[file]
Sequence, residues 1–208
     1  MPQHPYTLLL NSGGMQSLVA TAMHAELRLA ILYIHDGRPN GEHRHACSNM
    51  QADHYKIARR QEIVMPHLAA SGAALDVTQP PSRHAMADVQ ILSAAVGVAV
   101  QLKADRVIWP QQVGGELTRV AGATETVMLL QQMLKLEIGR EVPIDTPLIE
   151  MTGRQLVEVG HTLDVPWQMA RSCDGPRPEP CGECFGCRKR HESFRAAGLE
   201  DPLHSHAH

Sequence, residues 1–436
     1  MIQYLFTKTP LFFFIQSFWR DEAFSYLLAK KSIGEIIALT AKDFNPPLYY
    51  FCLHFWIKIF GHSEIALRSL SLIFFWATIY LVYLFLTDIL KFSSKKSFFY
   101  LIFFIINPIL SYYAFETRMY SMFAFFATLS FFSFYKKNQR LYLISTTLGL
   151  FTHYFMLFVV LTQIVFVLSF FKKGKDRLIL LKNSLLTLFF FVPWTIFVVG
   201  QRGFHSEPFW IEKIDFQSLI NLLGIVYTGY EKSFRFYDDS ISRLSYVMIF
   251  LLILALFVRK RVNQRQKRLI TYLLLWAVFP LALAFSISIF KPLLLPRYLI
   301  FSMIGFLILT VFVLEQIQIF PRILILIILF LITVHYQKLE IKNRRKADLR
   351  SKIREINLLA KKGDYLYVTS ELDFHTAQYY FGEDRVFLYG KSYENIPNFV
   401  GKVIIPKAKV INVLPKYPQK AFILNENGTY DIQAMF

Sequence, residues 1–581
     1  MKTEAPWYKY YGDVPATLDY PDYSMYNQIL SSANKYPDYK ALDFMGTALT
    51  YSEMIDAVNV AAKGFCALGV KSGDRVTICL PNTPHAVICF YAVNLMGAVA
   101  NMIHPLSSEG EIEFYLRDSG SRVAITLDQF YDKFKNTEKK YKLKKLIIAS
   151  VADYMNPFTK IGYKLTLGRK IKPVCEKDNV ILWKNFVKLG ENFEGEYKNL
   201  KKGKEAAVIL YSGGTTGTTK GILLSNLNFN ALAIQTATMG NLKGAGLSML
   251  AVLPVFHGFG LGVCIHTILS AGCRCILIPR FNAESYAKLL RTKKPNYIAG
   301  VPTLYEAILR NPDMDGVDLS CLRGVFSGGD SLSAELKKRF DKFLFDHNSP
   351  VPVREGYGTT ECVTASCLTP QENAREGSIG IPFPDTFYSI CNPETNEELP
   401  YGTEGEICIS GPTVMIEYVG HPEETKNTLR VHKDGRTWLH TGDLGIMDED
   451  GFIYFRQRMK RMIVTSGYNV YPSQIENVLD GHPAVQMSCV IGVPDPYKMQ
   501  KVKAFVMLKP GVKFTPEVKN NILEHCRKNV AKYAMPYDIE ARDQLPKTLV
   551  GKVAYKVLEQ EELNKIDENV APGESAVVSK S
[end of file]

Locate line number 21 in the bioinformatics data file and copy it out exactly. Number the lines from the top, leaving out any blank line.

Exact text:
   151  VADYMNPFTK IGYKLTLGRK IKPVCEKDNV ILWKNFVKLG ENFEGEYKNL